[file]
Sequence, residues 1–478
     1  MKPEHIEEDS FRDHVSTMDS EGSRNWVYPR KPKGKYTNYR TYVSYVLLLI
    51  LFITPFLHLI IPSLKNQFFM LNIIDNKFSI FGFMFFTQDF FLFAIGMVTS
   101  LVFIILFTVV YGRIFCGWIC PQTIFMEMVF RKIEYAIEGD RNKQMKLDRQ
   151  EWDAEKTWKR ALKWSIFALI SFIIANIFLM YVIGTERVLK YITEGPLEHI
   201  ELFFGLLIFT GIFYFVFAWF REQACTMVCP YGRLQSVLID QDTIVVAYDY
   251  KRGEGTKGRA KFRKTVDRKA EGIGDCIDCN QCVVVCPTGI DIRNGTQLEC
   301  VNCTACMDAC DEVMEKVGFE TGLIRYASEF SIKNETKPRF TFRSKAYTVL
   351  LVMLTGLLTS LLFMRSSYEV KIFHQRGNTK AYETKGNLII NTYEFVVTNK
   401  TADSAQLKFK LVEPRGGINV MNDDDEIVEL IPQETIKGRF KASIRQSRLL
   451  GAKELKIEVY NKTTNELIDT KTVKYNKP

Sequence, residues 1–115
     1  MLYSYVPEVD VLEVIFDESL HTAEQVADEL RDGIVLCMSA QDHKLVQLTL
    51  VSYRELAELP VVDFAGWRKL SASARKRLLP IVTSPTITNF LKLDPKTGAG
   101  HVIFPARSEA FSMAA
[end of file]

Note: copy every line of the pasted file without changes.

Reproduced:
Sequence, residues 1–478
     1  MKPEHIEEDS FRDHVSTMDS EGSRNWVYPR KPKGKYTNYR TYVSYVLLLI
    51  LFITPFLHLI IPSLKNQFFM LNIIDNKFSI FGFMFFTQDF FLFAIGMVTS
   101  LVFIILFTVV YGRIFCGWIC PQTIFMEMVF RKIEYAIEGD RNKQMKLDRQ
   151  EWDAEKTWKR ALKWSIFALI SFIIANIFLM YVIGTERVLK YITEGPLEHI
   201  ELFFGLLIFT GIFYFVFAWF REQACTMVCP YGRLQSVLID QDTIVVAYDY
   251  KRGEGTKGRA KFRKTVDRKA EGIGDCIDCN QCVVVCPTGI DIRNGTQLEC
   301  VNCTACMDAC DEVMEKVGFE TGLIRYASEF SIKNETKPRF TFRSKAYTVL
   351  LVMLTGLLTS LLFMRSSYEV KIFHQRGNTK AYETKGNLII NTYEFVVTNK
   401  TADSAQLKFK LVEPRGGINV MNDDDEIVEL IPQETIKGRF KASIRQSRLL
   451  GAKELKIEVY NKTTNELIDT KTVKYNKP

Sequence, residues 1–115
     1  MLYSYVPEVD VLEVIFDESL HTAEQVADEL RDGIVLCMSA QDHKLVQLTL
    51  VSYRELAELP VVDFAGWRKL SASARKRLLP IVTSPTITNF LKLDPKTGAG
   101  HVIFPARSEA FSMAA